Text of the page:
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Monthly Archives: November 2013

The point of church

After Lord Carey made some comments the following has appeared by A N Wilson in the Telegraph, now I don’t quiet agree, and this is why:

I’d have to say the article misses a big point in the whole focus on “sex”. That in the medieval period and before the Victorians, many people lived together unmarried, had children and so forth. This was a norm, and they would wait for the priest to turn up and then maybe get married.

I’d say the issue here is the need to re-evaluate the Victorian morality that we have inherited. Go back to the approval of monogamous committed relationships – and the encouragement to come before God and people to celebrate this.

As to the second point of rational thought, then I don’t buy this ether. I know many rational people who believe, the bigger issue is the language gap between “church and world”. That people don’t know the stories and thus the model we work in does not cope well with this (it still works in general on people having a background understanding). Also may people will be more willing to listen once they see things happening (the Frances effect).

Also I am reminded of something that Anglican Memes came up with.

 

 
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Posted by on November 21, 2013 in Ministry, Seen by the outside

 

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To You Who Bring Small Children to Church

Alongside the last post about membership, we look to the next generation. Soon I’ll put my ideas together about all of this as well

 
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Posted by on November 19, 2013 in Uncategorized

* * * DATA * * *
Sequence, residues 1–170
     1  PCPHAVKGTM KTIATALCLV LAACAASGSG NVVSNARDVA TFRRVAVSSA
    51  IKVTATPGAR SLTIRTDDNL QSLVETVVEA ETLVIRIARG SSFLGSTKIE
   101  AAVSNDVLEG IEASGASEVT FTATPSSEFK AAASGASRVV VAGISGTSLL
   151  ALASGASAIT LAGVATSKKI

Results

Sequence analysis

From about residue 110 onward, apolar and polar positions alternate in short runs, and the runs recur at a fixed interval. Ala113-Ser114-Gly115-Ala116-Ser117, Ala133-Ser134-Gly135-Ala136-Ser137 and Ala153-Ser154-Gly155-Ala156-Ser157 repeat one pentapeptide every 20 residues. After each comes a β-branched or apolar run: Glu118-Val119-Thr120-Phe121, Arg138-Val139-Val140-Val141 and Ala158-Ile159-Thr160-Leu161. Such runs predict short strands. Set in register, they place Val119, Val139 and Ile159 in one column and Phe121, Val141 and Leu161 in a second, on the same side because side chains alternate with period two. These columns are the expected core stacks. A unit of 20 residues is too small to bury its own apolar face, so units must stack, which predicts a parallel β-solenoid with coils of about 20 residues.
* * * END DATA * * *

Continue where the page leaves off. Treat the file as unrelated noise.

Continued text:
12 Reasons Membership in a Local Church Matters

An interesting view on what Membership of a Church is

Reformedish

Leeman-Church-MembershipIronically enough, I don’t think I knew what church membership was until I went to a a big mega-church that told people on a regular basis that they didn’t need to become one. I had grown up with parents who functioned as committed members of their churches, but conceptually the idea of formal membership in a local body was foreign to me until a few years ago.

At the risk of over-generalizing, I think that’s about where your average American Christian (evangelical) is nowadays. Insofar as we’ve actually given any thought to the issue, we go to church, maybe plug in to a church, or at most commit to a church. But, formally belong to one? Like on a list? With like a signature and stuff? In our individualistic, consumeristic, anti-authoritarian society, that sounds too rigid, too formal, and just bizarre. The church is a family, a community where I go…

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Posted by on November 19, 2013 in Ministry

 

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